New Treasures: Michael Moorcock’s The Chronicles of Corum from Titan Books

New Treasures: Michael Moorcock’s The Chronicles of Corum from Titan Books

The Chronicles of Corum Titan Books-small

I was talking about The Chronicles of Corum, which Fletcher Vredenburgh calls “the most intense and beautiful books” in Michael Moorcock’s Eternal Champion series, in a Vintage Treasures post recently. I was unaware at the time that Titan Books was planning to reprint the entire series in high quality trade paperback editions. If I was, I wouldn’t have spent all that time and money tracking down the 1987 Grafton paperback.

The first, The Knight of the Swords, was published on May 5th. The other five will be released over the next five months, as follows.

The Swords Trilogy-small

The Knight of the Swords (May 5, 2015)
The Queen of the Swords (June 2, 2015)
The King of the Swords (July 7, 2015)
The Bull and the Spear (August 4, 2015)
The Oak and the Ram (September 1, 2015)
The Sword and the Stallion (October 6, 2015)

The first three volumes were originally published in 1971, and then collected at The Swords Trilogy (1977). They were followed by the last three books in 1973-74, collected as The Chronicles of Corum in 1978.

This is one of Moorcock’s most successful and enduring fantasy series, and I’m very pleased to see it return to print in handsome new editions. Check out these books by the author Michael Chabon calls “The greatest writer of post-Tolkien British fantasy.”

Each volume costs $9.95, or $7.99 for the digital versions. The cover art is by Funny Little Fish/Dreamstime.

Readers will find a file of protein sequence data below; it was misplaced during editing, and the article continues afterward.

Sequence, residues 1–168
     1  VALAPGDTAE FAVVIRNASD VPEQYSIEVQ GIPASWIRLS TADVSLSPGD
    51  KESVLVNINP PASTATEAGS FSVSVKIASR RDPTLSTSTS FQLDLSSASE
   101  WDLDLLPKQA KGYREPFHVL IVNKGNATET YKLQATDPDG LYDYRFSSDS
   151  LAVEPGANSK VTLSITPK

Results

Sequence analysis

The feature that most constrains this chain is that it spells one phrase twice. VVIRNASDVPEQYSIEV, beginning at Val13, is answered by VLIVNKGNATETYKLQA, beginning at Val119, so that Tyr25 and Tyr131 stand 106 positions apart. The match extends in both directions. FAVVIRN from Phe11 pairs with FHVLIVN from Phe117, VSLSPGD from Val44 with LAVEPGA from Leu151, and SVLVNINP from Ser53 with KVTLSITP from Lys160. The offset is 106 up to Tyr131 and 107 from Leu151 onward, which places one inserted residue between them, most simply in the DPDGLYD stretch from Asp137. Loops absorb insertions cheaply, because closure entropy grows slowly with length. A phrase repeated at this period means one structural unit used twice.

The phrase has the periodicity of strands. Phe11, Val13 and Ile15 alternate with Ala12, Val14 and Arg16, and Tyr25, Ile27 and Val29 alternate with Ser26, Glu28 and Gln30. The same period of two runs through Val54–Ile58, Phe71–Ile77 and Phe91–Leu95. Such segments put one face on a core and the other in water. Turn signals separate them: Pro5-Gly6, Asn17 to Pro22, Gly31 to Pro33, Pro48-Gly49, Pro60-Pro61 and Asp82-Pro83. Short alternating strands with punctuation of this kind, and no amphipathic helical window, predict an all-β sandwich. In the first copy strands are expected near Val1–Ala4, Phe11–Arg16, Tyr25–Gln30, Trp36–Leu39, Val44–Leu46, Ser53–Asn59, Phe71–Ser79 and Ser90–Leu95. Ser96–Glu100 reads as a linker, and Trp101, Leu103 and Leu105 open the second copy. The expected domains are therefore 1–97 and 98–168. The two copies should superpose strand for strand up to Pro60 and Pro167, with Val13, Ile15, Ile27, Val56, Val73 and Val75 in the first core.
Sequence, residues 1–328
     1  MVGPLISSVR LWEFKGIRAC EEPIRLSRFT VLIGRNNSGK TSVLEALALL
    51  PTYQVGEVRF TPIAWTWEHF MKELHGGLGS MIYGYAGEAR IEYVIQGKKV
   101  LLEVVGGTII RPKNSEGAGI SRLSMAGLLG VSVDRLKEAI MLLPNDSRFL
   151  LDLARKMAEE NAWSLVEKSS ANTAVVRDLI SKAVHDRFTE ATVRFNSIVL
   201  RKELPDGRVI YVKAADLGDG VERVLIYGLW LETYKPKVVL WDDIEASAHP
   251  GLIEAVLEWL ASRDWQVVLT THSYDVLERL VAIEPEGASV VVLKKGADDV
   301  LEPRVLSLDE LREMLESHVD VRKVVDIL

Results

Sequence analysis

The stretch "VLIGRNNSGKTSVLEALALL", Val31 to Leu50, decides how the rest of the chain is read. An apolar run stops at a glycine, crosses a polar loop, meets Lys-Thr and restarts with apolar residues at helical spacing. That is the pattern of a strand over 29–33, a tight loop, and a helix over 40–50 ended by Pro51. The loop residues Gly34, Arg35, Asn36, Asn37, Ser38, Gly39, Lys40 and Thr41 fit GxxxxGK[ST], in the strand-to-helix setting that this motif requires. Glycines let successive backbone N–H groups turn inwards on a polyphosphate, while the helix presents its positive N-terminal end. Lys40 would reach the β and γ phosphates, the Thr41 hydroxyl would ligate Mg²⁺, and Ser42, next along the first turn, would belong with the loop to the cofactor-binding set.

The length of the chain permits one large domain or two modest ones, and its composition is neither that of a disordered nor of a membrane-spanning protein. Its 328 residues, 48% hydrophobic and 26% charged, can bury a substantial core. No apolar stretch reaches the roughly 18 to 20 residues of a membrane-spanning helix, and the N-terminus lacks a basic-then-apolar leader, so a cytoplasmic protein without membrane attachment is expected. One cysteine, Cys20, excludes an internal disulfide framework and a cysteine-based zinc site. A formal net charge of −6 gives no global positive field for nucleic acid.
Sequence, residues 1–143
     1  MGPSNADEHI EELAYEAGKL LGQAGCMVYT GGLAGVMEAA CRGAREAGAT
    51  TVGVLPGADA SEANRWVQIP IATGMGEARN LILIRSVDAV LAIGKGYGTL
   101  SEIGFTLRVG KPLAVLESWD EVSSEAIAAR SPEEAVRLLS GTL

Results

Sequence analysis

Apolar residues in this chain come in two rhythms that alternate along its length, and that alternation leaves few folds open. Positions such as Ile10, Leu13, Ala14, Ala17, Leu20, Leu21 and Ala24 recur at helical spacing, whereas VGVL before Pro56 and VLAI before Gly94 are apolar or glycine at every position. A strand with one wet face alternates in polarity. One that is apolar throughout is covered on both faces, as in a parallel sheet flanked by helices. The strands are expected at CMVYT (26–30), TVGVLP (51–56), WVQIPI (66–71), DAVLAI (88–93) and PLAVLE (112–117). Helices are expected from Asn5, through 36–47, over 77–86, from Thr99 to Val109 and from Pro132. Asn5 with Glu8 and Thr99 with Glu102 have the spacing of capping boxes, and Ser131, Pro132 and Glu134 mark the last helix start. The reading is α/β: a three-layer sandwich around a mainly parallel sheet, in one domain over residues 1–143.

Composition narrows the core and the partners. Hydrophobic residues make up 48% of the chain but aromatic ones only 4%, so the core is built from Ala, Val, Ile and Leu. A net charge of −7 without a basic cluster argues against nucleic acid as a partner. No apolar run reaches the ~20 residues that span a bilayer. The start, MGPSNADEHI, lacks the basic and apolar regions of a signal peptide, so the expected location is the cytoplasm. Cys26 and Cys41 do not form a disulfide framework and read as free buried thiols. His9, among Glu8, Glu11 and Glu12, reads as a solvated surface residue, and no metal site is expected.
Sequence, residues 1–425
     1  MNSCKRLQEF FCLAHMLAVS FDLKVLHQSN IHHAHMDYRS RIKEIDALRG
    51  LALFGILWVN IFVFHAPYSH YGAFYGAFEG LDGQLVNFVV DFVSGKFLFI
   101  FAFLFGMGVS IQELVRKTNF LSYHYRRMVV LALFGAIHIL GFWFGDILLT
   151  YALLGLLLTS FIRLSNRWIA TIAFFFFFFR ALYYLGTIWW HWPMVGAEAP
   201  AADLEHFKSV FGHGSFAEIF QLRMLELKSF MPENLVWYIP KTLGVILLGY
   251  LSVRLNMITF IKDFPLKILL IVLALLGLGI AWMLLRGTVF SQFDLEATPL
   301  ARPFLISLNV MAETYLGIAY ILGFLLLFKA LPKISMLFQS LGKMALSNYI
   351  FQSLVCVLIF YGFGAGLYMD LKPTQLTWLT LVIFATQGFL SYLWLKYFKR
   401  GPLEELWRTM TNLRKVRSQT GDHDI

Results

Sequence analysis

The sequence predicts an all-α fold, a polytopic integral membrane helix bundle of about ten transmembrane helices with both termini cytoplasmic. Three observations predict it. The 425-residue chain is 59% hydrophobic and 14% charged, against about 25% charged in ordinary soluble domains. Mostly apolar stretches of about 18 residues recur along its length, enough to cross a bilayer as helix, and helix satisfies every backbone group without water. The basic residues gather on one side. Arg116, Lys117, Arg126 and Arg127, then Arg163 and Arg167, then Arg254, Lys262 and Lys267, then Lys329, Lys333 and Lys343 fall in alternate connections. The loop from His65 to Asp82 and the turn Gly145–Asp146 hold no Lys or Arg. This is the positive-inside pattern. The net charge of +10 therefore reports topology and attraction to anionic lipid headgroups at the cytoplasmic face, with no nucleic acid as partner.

See all of our recent New Treasures posts here.

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Joe H.

I can’t even keep up with books I haven’t read yet, and they keep releasing books I want to reread.

I suppose it’s a good problem to have …

I think I’ve read the first three more times than I’ve read any other books by Moorcock. Even the tales of Elric. They’re hauntingly beautiful.

Eugene R.

The cover illustration by Ken Barr on the Berkley edition of The Swords Trilogy is just so *wrong*. And yet I love the book and Berkley’s design and production of the text. Oh well, when was Love ever consistent or free from contradiction?

Joe H.

Well, it’s only wrong in the sense that it completely fails to accurately convey anything about the book or its characters. OK, technically, the book does include horses and armor and swords, but …

And having said that, yeah, I think that was the first Moorcock I ever bought with my own money and I do love that cover to this day.

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